oDesk for beginners

    What for?

    In general, the idea of ​​this post came to my mind at the very moment when I, having not previously had a full-fledged experience of freelance, decided to seriously master oDesk. Yes, if anyone does not know, oDesk is one of the largest freelance exchanges in the world. So, it was in July of this year. By that time I hadn’t had official work for half a year already, all the side jobs were over, there were no new serious orders, and oDesk seemed to me a very promising option. The account, as usual, was registered “in reserve” a year before, but hung all this time idle, so you had to start from scratch. At the same time, I was almost sure that I would find somewhere, at least the shortest, on the topic of how and where to start, somewhere (certainly on Habré!)
    Maybe I was looking badly. However, everything that came across to me on the topic came down to the fact that you do not need to immediately bend prices, it is better to start with small ones. Approximate quote: "start at $ 10 per hour, over time, grow to $ 15." I categorically did not want to grow up to $ 15, and even with time, I was sure that you can earn much more. And besides, I was worried about a huge number of questions. How to fill out a profile? What projects to respond to? How to make cover letter? How the hell do you get this first order when everyone refuses you?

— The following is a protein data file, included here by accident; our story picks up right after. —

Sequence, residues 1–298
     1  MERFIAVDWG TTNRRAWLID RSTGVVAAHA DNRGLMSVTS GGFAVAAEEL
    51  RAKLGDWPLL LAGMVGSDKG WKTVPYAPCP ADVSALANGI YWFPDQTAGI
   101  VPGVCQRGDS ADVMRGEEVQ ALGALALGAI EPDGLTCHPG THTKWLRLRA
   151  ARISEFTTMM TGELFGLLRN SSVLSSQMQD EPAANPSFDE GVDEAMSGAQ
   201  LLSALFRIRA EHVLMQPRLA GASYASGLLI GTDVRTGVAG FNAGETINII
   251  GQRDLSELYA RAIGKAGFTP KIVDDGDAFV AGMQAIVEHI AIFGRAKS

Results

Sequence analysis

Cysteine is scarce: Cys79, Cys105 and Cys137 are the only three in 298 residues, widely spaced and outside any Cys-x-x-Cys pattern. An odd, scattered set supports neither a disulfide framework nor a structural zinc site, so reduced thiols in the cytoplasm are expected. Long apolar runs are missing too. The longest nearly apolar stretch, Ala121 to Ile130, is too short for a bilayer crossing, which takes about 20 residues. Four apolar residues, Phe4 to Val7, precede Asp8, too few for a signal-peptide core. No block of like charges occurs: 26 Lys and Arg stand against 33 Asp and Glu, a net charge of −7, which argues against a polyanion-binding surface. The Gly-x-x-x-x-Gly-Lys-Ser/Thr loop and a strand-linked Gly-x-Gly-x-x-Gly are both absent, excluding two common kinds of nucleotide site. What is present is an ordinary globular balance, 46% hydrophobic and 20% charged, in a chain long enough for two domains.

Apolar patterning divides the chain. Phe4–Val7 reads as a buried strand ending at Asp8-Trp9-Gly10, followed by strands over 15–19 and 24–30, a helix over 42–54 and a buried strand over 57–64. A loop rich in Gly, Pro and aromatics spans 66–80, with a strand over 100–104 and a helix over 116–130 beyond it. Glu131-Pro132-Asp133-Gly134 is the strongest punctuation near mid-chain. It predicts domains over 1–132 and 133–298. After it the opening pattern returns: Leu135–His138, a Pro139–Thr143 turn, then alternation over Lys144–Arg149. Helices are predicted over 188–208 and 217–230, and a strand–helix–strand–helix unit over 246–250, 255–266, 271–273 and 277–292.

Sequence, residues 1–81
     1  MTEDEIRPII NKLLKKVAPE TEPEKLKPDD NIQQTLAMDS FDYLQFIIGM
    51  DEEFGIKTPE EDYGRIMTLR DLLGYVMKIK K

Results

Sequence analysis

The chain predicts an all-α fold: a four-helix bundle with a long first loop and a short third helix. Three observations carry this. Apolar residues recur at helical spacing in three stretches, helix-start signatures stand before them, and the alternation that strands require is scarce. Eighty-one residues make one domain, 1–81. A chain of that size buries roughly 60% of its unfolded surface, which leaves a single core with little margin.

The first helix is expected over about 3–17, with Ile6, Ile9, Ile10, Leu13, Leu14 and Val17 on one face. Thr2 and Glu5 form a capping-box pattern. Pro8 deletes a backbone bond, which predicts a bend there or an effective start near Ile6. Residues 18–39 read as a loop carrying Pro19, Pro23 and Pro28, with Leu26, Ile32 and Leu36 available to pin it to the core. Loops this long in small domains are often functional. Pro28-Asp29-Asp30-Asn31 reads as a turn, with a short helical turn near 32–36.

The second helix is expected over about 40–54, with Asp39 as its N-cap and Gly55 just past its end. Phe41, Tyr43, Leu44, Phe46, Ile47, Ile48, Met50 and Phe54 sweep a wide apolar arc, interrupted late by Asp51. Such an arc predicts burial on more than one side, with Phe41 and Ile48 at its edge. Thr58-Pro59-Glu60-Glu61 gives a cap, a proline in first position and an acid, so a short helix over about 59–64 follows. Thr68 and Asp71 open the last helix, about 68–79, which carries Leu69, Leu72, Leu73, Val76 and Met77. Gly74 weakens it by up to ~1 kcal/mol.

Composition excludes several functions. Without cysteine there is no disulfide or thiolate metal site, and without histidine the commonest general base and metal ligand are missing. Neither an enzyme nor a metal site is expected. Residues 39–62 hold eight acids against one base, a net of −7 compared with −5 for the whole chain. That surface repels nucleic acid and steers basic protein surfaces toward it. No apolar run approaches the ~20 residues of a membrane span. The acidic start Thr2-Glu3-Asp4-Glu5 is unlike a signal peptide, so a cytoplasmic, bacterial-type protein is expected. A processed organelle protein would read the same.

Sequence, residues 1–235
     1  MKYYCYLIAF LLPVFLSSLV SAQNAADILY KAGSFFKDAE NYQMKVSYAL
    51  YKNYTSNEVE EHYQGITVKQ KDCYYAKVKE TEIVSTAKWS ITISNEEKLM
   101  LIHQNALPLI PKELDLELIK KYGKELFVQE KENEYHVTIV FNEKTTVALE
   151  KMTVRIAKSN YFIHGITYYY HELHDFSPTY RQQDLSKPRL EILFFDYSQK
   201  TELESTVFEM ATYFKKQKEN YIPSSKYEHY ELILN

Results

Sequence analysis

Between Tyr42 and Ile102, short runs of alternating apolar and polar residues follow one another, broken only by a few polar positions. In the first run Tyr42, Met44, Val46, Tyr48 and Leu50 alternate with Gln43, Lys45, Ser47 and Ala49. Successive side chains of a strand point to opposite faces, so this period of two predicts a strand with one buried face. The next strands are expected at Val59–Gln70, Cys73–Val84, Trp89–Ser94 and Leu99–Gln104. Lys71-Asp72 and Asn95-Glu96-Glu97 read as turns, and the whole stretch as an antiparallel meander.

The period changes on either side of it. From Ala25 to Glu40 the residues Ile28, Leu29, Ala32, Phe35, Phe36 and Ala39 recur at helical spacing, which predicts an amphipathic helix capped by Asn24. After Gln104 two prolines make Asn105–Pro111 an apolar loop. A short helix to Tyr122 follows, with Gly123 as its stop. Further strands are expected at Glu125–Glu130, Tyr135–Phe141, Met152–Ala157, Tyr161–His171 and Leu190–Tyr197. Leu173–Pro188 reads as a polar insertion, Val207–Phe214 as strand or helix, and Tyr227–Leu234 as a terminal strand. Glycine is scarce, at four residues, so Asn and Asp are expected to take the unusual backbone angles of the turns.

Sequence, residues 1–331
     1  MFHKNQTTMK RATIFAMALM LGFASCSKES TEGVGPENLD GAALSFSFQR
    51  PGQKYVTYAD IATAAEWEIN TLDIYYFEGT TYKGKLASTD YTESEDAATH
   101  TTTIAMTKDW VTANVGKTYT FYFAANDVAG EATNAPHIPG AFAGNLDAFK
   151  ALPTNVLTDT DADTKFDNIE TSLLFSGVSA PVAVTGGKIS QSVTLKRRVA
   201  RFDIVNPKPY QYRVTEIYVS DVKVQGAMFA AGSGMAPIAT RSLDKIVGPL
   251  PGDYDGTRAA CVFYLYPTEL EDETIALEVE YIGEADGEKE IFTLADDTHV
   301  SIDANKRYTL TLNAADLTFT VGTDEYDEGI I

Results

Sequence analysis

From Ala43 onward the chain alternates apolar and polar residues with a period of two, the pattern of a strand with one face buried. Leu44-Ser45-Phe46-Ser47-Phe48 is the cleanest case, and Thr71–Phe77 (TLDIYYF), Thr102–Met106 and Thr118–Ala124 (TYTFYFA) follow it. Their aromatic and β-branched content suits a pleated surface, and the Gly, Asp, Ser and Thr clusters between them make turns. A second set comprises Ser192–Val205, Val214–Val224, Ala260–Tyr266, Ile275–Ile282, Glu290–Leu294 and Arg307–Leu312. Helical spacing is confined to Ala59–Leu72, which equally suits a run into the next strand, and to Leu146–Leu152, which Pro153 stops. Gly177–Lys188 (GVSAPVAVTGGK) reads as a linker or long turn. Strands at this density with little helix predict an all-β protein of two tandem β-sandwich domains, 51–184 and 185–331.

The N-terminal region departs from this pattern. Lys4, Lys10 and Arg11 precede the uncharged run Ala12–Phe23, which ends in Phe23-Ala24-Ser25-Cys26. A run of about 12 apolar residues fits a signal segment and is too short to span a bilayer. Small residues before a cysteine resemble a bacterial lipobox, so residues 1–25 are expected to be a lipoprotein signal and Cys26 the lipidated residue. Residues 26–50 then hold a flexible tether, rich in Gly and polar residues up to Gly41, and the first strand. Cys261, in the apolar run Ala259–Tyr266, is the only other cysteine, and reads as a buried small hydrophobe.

At that moment, I decided that if everything worked out for me, I would definitely write the same guide for beginners that I did not find.

    For whom?

    It's simple: an article for programmers. Although, perhaps, part of my experience may be useful to representatives of other wonderful professions - designers, for example. More specifically, the article is for web developers, but this is not so fundamental. What is more important: it is for good developers. This is important, because with a high probability you will have to learn a lot and in a short time. If you are not ready for this, feel free to close the tab (yes, I understand that it was not for that that you opened the Habrokat).


    So, the decision is made, the account is registered. Here are the questions that will arise before you in the first place:
    What to specialize in?
    It is important. Not all regions are equally demanded; not all are paid equally. According to my observations, there are two most promising directions:
    1. IPhone development
    2. Web Development: Ruby on Rails / JavaScript
    I can’t say anything definite about the first, because I haven’t tried it yet (but I’ll definitely try it and, if there is interest, I will share my experience), so here I will only consider the second option.
    Why Ruby / Rails? Very simple: unlike Python / Django - many orders, unlike PHP - pay well. So if you have not yet mastered this bunch, feel free to start exploring. A good plus is knowledge of front end development, and if you are not too lazy and learn Backbone, this will make you indispensable for specialists in some cases. If you are a front-end vendor, learn at least the basics of server development, this will greatly increase your value.
    Oh yes: buy a Mac. I'm serious.
    Do you need good English?
    Yes, at least in writing: business correspondence will have to be absolutely accurate. Oral is desirable because some customers prefer to communicate via skype, but this is rather the exception. That is, if there is absolutely no verbal, you can live with it, just put up with the fact that you are losing some potentially interesting projects.